Threats to cybersecurity are a concern for every industry and business. However, the legal sector remains an especially attractive target due to the wealth of sensitive information held by law firms.
Patent data, merger and acquisition information, negotiation information, and protected witness information are just some examples of sensitive commercial data and intellectual property that are highly desirable to cybercriminals, hacktivists, and state-sponsored parties.
It is easy to see why legal firms are rich with opportunity for these groups.
When it comes to a breach of cybersecurity, the financial loss is rarely the most detrimental issue for businesses. Since trust is integral to the operation of the legal sector, a successful cyber-attack has the potential to cause long-term reputational damage, with severe implications for the future of that firm.
Legal Week’s Benchmark study, entitled ‘Locked Down?’, in association with Stroz Friedberg, highlights some of the issues that make the legal sector more vulnerable to cyber-attacks than other industries:
- Non-lawyers are far more likely (52%) than law firms (35%) to have a response plan in place for cyber-attacks.
- Respondents from the legal sector are less likely (35%) to include external cyber security experts than non-lawyers (53%) in their attack contingency planning.
- Less than a third (31%) of people working in law firms believe that their top management fully understands the issues around cybersecurity, compared to 36% outside the law.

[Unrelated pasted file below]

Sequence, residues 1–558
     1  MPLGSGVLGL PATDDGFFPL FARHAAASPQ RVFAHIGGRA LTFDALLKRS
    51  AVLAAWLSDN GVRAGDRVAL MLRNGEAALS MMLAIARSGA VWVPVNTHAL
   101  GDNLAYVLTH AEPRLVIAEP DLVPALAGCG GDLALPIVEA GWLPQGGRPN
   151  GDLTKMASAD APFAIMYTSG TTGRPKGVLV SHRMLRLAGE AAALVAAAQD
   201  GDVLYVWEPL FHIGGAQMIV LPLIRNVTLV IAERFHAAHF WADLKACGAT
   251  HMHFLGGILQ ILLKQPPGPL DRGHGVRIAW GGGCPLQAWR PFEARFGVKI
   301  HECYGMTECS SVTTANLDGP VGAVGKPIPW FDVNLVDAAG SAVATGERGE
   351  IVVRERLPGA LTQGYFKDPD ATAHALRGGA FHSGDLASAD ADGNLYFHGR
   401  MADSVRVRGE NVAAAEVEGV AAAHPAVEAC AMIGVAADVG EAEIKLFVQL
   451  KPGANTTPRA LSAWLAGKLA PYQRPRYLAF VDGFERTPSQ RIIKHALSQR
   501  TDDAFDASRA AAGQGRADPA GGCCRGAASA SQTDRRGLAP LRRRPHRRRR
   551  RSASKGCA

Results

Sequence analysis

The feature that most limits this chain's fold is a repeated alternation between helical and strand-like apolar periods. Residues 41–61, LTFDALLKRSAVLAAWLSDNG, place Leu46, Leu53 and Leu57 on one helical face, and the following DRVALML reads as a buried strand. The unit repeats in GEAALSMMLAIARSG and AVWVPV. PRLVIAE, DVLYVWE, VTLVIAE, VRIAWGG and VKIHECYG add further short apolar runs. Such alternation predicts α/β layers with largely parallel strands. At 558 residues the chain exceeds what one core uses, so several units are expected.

- Law firms fall behind the rest of the commercial world in terms of estimating the costs of a cyber-attack. Only 9% have worked out potential costs, compared to 26% in businesses outside the legal sector.
Seth Berman, executive managing director of Stroz Friedberg, believes that law firms must pay more attention to cyber security:
“We know law firms are being targeted … hackers seeking commercial secrets are known to regard law firms as a weak link in the information chain. The very nature of law firms makes them an active target.”
In the past, it has too often been the case that responsibility for ensuring cyber security has sat solely with the IT team. While technology is a key factor in ensuring ongoing protection, it is crucial that all businesses, including law firms, are now recognising the important role to be played by employees, processes, and organisational culture in protecting against cyber threats. When security is a shared responsibility across an organisation and staff are empowered with knowledge, the ability to avoid a breach, and detect a compromise more quickly, is increased.
According to the latest ISO Survey, there was a 17.6% growth in the number of ISO 27001 certificates in the UK last year. This certification is an internationally recognised cyber secure status and is reassuring for potential and current clients. Many leading law firms, including Allen & Overy, Bond Pearce, and Clifford Chance, have already achieved certification to the Standard as a means of proving their commitment to securing their clients’ data.
Rather than being an inconvenience, or a significant cost that will not provide a return on investment, information security and protection of client data is increasingly seen as a key differentiator. In a world where contracts are won and lost based on very small margins, each differentiator counts.
The threat to the cyber landscape is ever changing. Having fallen behind other industries, law firms will need to give cyber security their full attention in order to protect their clients and their own interests, while attracting new business along the way.